Lessons and Implications

A major problem in medical practice over the past decade has been the trend for physicians to abdicate their responsibility for medical decisions to hospital administrators, lawyers, and courts, resulting in an increasing bureaucratization of medicine to the detriment of both physicians and patients. In Strachan none of the physicians seemed willing to pronounce death until the hospital administration approved. The hospital administration, instead of insisting that the physicians do their job, was also unwilling to assume responsibility and consulted the lawyer. The lawyer advised three alternative procedures, including consulting a judge, all of which could only serve to further frustrate and alienate physicians from the practice of their profession.

The good news is that the New Jersey court, with its own history of inventing procedural mechanisms to limit physicians' liability and make them feel more comfortable, refused to reinforce the bureaucratization of medical practice. It said firmly what other courts will, one hopes, say more often: procedures should be designed by the medical community itself. The courts, of course, may ultimately be called upon to rule on the propriety of the procedures. But courts should not impose them initially, just as they should not routinely permit themselves to be used by doctors, hospital adminisetrators, and their lawyers to avoid taking professional responsibility for their decisions. This case provides an instructive example of how hospital administrators and lawyers often forge "solutions" to medical practice "problems" that are disconnected from biological reality and compassionate medical practice, and serve instead to destructively bureaucratize medicine.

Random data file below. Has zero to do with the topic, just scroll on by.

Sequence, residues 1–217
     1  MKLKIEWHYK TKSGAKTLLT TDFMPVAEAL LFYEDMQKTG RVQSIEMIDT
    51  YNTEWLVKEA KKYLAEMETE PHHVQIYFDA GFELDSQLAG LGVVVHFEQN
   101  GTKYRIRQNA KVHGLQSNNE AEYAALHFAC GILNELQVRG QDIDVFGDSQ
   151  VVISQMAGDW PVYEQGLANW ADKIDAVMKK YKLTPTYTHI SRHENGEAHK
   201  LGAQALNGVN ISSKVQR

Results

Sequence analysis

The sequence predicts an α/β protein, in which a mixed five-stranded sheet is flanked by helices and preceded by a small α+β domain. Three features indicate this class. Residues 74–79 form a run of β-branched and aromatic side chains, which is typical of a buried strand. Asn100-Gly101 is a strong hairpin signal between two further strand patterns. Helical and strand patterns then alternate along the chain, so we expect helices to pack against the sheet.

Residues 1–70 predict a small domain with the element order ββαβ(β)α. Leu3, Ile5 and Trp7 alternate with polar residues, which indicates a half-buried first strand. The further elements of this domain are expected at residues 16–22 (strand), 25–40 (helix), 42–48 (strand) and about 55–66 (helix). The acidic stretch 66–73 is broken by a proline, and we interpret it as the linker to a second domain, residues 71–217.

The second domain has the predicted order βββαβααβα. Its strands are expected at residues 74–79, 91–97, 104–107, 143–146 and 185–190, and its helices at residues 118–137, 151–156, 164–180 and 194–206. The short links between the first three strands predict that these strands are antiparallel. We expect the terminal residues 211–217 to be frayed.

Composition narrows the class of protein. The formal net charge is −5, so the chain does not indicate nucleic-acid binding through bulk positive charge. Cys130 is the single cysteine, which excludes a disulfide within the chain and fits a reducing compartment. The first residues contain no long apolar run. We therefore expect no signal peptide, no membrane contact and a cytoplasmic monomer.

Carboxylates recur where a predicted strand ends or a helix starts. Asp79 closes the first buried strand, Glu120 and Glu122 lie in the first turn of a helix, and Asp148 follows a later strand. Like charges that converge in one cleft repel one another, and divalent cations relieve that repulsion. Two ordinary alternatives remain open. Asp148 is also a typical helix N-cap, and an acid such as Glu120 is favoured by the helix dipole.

Since the cause of action in Strachan was based on the suffering of the family of a deceased individual, the ruling has no application to lawsuits brought by the families of living patients. When the patient is still alive, the hospital's duty is to the patient, not the family who remain traditional "bystanders." However, the ruling might apply to one narrow class of "living" patients: individuals in a persistent vegetative state (PVS). This same court has previously argued that such individuals "do not experience ... any benefits or burdens," and that decisions about their care are appropriately made by their families. [4] If this language is taken at face value, and if a family reasonably demands that a relative in PVS be removed from support systems, and the hospital negligently refuses to comply, causing the family emotional distress, it is possible that this court might permit the relatives to sue the hospital.

Though this case occurred long before "required request" laws, the physicians initially involved were extremely aggressive on organ donation. The procurement agency seems to have acted properly and professionally, but the physicians and hospital had no clear idea what to do. Indeed the hospital administrator and lawyer seemed to have had little knowledge about brain death, since the suggestion that the case be decided by a "prognosis committee" or a judge is ludicrous. The most either a committee or a court could do would be to ask the neurologist who had previously determined the patient to be dead, if the patient was in fact dead; courts and committees add nothing to this factual determination.